‘It’s cheaper to keep her’

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School board votes 3-2 to amend superintendent’s contract, increase her salary

By Stevie Lowery

In fear of losing Marion County Superintendent Taylora Schlosser to a neighboring school district, the Marion County Board of Education voted, 3-2, to amend her contract and increase her salary during a special-called meeting Wednesday afternoon, March 28.

“For lack of better words, it’s cheaper to keep her,” Board Chairman Butch Cecil said during the meeting.

Cecil, along with Board Members Peggy Downs and Brad Cox, voted in favor of the amended contract. Board Vice Chairman Kaelin Reed and Board Member Carrie Truitt voted against it.

“I don’t support this action,” Reed said. “I think it’s the wrong time and the wrong process.”

The new contract increases Schlosser’s salary from $136,240 to $150,000 for the next four years. However, her new contract will not include automatic four percent raises as it has in the past. There’s also language included in the contract, which would allow the school board to terminate Schlosser if she were to seek other employment during the next four years of her newly-amended contract. 

According to Cox, he voted in favor of amending the contract because he felt it was in the best interest of the school district and the best use of the school district’s funds.

“For me, the difficult thing about this was to strip the emotion out of it and just look at the facts and look at what we were dealing with and what we were presented with,” he said. “The solution is the cost to keep her, which is about $5,400 more a year. That represents a little less than two one hundredths of one percent of our annual operating budget.”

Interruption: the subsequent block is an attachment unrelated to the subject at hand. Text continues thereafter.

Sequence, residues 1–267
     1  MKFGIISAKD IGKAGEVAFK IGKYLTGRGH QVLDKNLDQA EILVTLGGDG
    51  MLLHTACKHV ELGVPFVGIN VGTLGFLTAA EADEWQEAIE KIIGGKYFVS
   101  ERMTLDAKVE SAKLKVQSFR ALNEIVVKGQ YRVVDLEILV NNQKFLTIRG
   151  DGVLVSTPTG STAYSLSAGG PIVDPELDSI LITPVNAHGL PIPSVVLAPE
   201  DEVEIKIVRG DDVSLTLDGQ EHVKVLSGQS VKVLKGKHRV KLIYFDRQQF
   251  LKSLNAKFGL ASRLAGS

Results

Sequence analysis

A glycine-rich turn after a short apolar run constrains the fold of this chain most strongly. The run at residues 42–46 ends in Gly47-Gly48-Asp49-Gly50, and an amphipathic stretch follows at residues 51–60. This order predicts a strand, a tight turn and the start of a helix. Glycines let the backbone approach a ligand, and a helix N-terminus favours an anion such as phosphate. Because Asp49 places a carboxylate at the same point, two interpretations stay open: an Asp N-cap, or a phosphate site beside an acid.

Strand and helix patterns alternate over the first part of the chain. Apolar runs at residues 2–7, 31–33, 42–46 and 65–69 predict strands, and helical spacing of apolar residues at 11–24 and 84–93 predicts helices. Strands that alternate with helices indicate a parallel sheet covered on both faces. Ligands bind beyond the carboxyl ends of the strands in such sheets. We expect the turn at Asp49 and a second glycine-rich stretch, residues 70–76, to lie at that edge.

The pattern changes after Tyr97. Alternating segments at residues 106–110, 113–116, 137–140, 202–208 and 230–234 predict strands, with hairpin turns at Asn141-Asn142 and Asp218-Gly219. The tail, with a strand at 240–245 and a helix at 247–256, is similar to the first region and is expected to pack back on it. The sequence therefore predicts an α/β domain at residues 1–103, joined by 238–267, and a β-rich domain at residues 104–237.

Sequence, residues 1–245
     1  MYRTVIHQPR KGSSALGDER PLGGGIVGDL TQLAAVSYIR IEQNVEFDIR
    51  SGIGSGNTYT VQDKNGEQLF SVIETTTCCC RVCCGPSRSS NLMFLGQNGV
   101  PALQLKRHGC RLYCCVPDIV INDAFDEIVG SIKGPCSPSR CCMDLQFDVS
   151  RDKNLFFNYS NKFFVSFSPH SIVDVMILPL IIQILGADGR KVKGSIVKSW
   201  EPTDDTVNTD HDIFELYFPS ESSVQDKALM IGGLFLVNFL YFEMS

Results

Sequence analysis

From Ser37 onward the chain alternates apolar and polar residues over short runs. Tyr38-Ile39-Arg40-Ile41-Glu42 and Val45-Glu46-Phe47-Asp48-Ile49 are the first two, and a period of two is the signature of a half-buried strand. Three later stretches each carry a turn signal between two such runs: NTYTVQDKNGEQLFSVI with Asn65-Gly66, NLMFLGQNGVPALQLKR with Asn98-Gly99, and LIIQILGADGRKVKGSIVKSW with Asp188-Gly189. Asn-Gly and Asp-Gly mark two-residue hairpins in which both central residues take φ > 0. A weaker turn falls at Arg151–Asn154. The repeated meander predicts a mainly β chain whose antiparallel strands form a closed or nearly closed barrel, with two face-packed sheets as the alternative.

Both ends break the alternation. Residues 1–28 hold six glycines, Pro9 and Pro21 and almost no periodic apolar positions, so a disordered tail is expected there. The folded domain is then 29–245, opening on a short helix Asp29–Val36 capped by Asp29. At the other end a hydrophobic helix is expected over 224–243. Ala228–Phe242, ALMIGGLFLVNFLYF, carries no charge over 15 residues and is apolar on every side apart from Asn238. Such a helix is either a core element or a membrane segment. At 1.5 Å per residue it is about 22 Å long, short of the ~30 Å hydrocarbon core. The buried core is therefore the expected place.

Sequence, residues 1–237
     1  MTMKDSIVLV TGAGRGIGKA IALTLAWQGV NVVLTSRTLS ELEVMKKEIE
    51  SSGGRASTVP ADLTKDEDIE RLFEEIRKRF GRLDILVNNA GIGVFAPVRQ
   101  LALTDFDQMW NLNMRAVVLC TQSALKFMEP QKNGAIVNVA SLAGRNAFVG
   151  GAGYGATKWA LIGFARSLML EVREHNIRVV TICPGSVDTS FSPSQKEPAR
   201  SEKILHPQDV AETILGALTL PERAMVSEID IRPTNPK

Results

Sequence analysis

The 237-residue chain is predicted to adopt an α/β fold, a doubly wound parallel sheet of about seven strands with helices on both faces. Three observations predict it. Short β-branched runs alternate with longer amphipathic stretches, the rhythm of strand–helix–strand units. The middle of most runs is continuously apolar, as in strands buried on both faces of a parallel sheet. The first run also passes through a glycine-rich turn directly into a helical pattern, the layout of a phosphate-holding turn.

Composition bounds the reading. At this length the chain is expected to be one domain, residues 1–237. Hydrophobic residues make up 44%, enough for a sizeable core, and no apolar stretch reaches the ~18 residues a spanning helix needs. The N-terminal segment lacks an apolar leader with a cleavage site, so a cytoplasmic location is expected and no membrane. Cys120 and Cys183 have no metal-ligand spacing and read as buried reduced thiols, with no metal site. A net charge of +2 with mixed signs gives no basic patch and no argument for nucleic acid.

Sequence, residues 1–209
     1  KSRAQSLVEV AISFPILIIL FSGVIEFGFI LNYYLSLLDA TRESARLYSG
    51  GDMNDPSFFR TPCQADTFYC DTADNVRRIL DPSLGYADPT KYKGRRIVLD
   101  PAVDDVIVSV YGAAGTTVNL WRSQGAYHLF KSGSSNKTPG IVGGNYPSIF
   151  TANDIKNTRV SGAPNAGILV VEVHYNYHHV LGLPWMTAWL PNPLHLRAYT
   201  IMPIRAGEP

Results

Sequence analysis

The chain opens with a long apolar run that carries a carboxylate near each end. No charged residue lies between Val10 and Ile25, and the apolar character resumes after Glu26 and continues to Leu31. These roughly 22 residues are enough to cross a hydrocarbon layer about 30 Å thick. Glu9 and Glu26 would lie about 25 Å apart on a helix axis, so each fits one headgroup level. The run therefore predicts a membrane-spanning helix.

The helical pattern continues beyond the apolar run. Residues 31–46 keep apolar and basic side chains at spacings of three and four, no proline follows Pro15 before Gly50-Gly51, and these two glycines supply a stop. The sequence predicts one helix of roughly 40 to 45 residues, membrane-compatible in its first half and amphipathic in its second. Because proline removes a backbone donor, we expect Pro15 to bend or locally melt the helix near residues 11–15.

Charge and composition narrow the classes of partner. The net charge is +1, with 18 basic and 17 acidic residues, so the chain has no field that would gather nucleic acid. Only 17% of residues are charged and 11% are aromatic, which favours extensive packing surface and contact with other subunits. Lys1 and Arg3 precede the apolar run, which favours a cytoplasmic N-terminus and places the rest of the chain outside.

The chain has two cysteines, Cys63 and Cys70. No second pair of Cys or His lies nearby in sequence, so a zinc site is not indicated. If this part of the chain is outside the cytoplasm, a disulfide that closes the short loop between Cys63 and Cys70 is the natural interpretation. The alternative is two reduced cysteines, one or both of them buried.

Cox said the costs in finding a replacement for Schlosser would have been more than what it will cost the district to amend her contract and increase her salary. He also clarified that Schlosser did not come to the board asking for more money. 

“When we were faced with this decision, the superintendent didn’t reach out to us and ask us for more money. We as a board decided to talk about our options,” Cox said.

Downs said she initially was not in favor of amending Schlosser’s contract.

“I wasn’t for it at the beginning, but after I sat down and went through the numbers and everything and pulled my emotions out – or most of them anyway – I looked at the numbers and decided to go with the numbers,” she said.

Downs also said she felt the district needed to keep the current staff in place.

“We need this staff. This staff is excellent,” she said.

While Truitt said she agreed that Schlosser is a “skilled administrator” she didn’t agree with amending her contract.